Talking finances can be taboo for a lot of people. Many think it’s intrusive or invasive to have these conversations. With that being said, how much time is used to discuss money within our own families?
As a child, money really doesn’t hold the same value as it does in our adulthood. Children only think about money and finances in general when it’s dealing with something they want or think they need – often tangible items like clothes, shoes or that shiny new toy. Maybe we had the same ideals during our adolescence until life showed us differently. No matter how we were raised or how finances specifically were (or were not) talked about, it’s important we leverage what we know now and create an environment where the entire family can benefit from regardless of age.
Have very open and candid conversations
While we all understand that kids should in fact – be kids, that doesn’t necessarily mean we should withhold information, with the assumption that it can’t be kid friendly. For example, if there are mistakes you’d like to prevent your child from making (or at least generate awareness), use real life experiences to help paint the picture for them. What are some patterns or behaviors you fell into in your younger years? What would you tell your younger self if you had the ability to? Use these questions to generate a list of things to talk about as the situation allows. They may not be able to grasp things fully, but they will have the background knowledge you provided to help generate better decision-making skills as it relates to finances.
Discuss the importance of saving early and often
As adults, many of us understand why it’s so important to save. Emergencies happen, unexpected occurrences are a part of life and having multiple nest eggs to fall back on create a sense of financial peace. Open a savings account for each child and have discussions around why it’s important to save. Many banks have checking and savings accounts tailored for minors. Allow them to get comfortable and not fearful about money and what it can do.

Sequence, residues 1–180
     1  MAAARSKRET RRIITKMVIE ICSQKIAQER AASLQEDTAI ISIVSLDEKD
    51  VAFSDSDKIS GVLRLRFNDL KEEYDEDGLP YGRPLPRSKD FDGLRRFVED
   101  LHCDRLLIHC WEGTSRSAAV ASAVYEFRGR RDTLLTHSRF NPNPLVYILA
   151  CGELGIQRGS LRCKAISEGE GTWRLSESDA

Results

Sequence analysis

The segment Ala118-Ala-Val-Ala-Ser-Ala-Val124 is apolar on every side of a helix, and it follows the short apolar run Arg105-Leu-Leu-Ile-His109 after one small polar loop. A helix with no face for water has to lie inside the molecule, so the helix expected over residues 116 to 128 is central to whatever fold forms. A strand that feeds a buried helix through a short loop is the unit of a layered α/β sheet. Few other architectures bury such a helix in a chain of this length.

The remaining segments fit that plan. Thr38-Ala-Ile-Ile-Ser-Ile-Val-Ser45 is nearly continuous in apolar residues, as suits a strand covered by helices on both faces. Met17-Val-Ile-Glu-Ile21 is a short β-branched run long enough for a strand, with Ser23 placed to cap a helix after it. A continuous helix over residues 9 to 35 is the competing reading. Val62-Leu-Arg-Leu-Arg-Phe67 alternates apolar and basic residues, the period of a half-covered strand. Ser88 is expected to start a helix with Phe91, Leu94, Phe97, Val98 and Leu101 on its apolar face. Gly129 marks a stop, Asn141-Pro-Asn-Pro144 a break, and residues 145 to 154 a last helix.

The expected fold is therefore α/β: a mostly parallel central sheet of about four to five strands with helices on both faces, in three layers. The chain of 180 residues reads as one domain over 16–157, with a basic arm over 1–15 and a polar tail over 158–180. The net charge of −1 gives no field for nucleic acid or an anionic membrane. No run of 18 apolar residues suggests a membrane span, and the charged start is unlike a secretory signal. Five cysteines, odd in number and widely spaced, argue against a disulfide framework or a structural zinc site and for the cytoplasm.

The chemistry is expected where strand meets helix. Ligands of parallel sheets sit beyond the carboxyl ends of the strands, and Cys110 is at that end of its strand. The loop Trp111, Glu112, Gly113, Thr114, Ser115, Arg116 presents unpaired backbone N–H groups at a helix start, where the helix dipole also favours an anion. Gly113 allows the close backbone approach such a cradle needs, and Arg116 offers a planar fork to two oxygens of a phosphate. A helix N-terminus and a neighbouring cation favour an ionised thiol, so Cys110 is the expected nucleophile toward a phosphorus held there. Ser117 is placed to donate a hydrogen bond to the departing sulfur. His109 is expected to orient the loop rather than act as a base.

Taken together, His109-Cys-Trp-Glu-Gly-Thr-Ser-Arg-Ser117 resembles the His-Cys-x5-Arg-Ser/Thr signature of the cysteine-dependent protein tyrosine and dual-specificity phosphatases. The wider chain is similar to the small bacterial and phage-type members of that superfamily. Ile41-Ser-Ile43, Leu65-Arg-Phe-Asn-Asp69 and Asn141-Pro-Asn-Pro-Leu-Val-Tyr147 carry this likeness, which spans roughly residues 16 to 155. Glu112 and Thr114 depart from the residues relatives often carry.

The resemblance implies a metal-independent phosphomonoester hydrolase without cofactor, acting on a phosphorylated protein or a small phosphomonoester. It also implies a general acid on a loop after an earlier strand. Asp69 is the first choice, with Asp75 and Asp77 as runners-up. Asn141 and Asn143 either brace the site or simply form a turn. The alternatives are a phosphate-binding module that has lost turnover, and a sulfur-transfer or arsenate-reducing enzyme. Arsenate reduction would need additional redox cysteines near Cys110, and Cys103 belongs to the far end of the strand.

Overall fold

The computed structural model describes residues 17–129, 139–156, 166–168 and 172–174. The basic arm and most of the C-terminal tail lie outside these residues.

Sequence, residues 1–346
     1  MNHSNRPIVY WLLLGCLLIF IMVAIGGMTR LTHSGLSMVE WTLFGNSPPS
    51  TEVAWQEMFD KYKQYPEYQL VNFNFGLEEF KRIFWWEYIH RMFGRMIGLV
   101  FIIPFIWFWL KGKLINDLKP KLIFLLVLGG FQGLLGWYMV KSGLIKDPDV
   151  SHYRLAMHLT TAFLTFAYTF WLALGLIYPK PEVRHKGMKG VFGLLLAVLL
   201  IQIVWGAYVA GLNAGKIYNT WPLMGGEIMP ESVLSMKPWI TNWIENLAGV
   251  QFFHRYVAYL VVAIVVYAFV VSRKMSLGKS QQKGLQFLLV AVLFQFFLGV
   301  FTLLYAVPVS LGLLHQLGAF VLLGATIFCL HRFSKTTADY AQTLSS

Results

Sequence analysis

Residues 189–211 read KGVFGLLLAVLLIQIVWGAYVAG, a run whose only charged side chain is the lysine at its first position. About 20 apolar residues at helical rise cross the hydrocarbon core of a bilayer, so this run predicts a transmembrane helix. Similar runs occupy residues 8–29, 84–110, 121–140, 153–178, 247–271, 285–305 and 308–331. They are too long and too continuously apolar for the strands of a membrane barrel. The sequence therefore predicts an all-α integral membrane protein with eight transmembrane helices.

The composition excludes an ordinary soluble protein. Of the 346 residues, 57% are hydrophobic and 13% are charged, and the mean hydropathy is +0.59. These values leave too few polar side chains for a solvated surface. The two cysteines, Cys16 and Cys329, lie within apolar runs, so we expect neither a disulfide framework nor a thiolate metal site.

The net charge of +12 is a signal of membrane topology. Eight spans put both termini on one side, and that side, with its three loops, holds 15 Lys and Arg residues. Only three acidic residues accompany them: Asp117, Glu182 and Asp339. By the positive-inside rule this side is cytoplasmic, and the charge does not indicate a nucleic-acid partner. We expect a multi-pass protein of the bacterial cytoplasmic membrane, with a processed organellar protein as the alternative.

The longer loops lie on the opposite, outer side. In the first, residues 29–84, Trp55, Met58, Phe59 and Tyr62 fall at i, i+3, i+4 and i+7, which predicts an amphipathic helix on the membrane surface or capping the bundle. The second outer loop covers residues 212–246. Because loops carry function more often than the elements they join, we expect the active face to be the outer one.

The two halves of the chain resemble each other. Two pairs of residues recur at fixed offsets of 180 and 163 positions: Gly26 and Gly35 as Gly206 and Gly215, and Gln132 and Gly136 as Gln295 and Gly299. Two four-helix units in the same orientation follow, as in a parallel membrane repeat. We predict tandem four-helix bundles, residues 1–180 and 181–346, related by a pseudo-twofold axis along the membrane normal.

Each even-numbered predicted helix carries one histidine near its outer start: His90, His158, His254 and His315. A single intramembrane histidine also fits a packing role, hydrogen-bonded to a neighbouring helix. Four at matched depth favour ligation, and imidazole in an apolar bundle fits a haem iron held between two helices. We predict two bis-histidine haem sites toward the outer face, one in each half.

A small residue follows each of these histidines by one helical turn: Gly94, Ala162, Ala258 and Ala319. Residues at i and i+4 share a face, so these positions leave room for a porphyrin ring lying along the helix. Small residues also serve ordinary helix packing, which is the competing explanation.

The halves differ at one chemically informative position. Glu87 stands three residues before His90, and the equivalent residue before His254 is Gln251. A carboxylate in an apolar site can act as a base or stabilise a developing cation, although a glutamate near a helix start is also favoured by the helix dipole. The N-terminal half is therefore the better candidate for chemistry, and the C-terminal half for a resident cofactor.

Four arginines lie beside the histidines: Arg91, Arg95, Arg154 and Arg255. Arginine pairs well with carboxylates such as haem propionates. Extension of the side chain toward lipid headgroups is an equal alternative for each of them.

Embrace and encourage teachable moments
Since children don’t have the responsibility of paying bills, they’re typically oblivious to the consequences (good or bad) of things. If your little ones have a hard time remembering to turn off lights when they’re not in use or turn the water off when brushing their teeth – bring it to their attention. Explain to them that utility bills are not free and how every little bit helps. Children may be young today, but they will grow into adults. The goal is to create awareness and mindfulness over time.
Encourage critical thinking skills
If you are a parent, guardian or responsible for any children’s wellbeing encourage critical thinking skills. Let’s say they would like to buy something. The first step would be to ask them questions, “How much is this item? Why do you want this item? What can this item do for you? Do you want to save up so you can purchase it?” Allow them to think these answers through; this helps them to process the value of obtaining the product. Next is the actual saving process. This physically helps them to understand the “waiting period” – the time you identify an item and the actual time period it takes to acquire the funds to purchase. During this process they may identify something else they’d like or completely scrap the product altogether. During this waiting period, you can also ask questions such as – “Will you have money left over after this item is bought? Has anything changed about what you’d like to buy?” These critical skills are important and will help shape their ability to be sure in their decisions or allow them the freedom to change their mind.
Discuss finances with your parents
Be sure to discuss finances with your aging parents. Do they have a retirement plan? Where would they like to live during their latter years? Will you be responsible for their well-being? The sooner these questions are answered, the better. You want to make sure all parties are aware of what actions need to take place prior to – the details lie in preparation.
What are the next money conversations that you plan to explore with your family?